Kuyken W, Byford S, Byng R, Dalgleish T, Lewis G, Taylor R, Watkins ER, Hayes R, Lanham P, Kessler D, et al (2010). Study protocol for a randomized controlled trial comparing mindfulness-based cognitive therapy with maintenance anti-depressant treatment in the prevention of depressive relapse/recurrence: the PREVENT trial. Trials, 11 Abstract.  Author URL.  Full text.
Slater AM, Bremner JG, Johnson SP, Hayes RA (2010). The role of perceptual and cognitive processes in addition-subtraction studies with 5-month-old infants. Infant Behav Dev, 33(4), 685-688. Abstract.  Author URL.
Richards DA, Hughes-Morley A, Hayes RA, Araya R, Barkham M, Bland JM, Bower P, Cape J, Chew-Graham CA, Gask L, et al (2009). Collaborative Depression Trial (CADET): multi-centre randomised controlled trial of collaborative care for depression--study protocol. BMC Health Serv Res, 9 Abstract.  Author URL.  Full text.
Hayes R, Slater, A.M. Longmore, C.A. (2009). Rhyming abilities in 9-month-olds: the role of the vowel and coda explored. Cognitive Development, 24, 106-112.
Hayes RA, Slater, A. (2008). Three-month-olds’ detection of alliteration in syllables. Infant Behavior and Development, 31, 153-156.
Slater AM, Brown EM, Hayes RA, Quinn PC (2001). Developmental change in form categorization in early infancy. British Journal of Developmental Psychology, 19(2), 207-218.
Brookes H, Slater, A. Quinn, P.C. Lewkowicz, D.J. (2001). Three-month-old infants learn arbitrary auditory-visual pairings between faces and voices. special issue on Face Perception and Recognition. Infant and Child Development, 10, 75-82.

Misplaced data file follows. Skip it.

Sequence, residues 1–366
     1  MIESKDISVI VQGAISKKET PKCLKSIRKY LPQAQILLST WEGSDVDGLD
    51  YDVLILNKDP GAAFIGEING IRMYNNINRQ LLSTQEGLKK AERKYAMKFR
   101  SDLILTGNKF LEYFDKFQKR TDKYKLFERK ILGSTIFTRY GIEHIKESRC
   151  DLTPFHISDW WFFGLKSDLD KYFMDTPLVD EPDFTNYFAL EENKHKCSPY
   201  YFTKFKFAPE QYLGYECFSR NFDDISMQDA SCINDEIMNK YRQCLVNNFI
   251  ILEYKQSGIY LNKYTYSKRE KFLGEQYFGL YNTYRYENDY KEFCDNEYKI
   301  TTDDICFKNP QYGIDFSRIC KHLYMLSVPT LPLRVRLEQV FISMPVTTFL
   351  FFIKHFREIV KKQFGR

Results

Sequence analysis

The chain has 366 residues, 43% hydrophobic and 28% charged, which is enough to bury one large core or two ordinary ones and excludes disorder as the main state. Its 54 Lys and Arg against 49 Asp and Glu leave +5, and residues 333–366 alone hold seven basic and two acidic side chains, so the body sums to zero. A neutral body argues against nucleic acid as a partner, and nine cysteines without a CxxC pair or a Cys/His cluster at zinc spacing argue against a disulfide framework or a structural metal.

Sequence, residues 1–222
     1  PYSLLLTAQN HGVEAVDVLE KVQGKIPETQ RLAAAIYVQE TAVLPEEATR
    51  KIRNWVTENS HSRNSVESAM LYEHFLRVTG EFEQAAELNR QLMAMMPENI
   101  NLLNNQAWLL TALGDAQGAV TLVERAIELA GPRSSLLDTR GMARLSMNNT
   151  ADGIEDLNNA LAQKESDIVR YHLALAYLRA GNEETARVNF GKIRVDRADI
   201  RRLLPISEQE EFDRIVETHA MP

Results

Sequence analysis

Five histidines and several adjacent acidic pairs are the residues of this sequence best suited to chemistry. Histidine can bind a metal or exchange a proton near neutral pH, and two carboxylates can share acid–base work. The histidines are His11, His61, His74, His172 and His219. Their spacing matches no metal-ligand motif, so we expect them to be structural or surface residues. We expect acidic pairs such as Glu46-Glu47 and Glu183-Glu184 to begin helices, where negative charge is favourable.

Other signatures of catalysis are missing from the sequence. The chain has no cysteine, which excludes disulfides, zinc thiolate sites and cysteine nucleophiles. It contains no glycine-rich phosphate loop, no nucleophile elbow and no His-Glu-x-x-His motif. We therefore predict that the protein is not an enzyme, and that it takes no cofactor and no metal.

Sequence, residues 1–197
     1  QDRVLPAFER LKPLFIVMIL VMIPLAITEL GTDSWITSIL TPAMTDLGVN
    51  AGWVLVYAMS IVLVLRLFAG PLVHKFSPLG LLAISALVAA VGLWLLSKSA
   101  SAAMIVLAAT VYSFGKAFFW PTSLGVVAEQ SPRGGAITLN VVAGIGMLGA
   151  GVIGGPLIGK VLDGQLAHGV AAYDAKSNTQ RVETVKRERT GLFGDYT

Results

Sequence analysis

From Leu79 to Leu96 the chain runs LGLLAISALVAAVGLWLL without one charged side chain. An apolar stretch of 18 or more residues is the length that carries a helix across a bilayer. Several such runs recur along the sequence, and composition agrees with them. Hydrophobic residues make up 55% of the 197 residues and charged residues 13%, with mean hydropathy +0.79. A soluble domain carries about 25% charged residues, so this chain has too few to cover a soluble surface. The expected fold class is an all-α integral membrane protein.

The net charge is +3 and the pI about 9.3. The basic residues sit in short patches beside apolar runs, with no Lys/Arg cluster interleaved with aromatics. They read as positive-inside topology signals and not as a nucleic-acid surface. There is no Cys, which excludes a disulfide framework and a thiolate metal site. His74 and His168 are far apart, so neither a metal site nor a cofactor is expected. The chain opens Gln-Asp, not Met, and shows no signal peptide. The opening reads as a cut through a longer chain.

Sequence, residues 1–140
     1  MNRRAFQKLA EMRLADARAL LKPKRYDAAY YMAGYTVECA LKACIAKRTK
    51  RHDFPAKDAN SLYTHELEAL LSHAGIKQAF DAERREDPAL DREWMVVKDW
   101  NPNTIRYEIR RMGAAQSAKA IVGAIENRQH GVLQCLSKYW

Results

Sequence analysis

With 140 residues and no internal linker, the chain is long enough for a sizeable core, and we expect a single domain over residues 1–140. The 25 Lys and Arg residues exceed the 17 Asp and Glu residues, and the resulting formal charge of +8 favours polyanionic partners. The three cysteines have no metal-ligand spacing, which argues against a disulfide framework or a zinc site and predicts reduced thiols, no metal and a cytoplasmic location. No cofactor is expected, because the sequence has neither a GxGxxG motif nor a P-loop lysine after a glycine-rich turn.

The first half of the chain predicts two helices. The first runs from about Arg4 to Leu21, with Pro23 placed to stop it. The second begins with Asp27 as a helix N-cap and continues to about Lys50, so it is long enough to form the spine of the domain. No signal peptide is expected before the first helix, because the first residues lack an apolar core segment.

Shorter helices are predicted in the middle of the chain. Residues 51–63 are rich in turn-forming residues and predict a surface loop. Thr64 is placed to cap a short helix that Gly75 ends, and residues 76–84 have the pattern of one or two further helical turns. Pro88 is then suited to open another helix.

Brookes H, Slater A, Quinn PC, Lewkowicz DJ, Hayes R, Brown E (2001). Three-month-old infants learn arbitrary auditory-visual pairings between voices and faces. INFANT AND CHILD DEVELOPMENT, 10(1-2), 75-82. Author URL.
Hayes RA, Slater A, Brown E (2000). Infants' ability to categorise on the basis of rhyme. COGNITIVE DEVELOPMENT, 15(4), 405-419. Author URL.
Hayes RA, Slater, A. Brown, E. (2000). Infants’ ability to categorise on the basis of rhyme. Cognitive Development, 15, 405-419.
Slater A, Bremner, J.G. Johnson, S.P. Sherwood, P. (2000). Newborn infants’ preference for attractive faces: the role of internal and external facial features. Infancy, 1, 265-274.
Quinn, P. Hayes, R. Brown, E. (2000). The role of facial orientation in newborn infants’ preference for attractive faces. Developmental Science, 3, 181-185.
Slater A, Quinn PC, Brown E, Hayes R (1999). Intermodal perception at birth: intersensory redundancy guides newborn infants' learning of arbitrary auditory-visual pairings. DEVELOPMENTAL SCIENCE, 2(3), 333-338. Author URL.

Chapters

Slater AM, Bremner JG, Johnson SP, Hayes RA (2010). The role of perceptual processes in infant addition/subtraction experiments. In Oakes LM, Cashon CH, Casasola M, Rakison DH (Eds.) Early perceptual and cognitive development, Oxford, UK.: Oxford University Press, 85-110.  Abstract.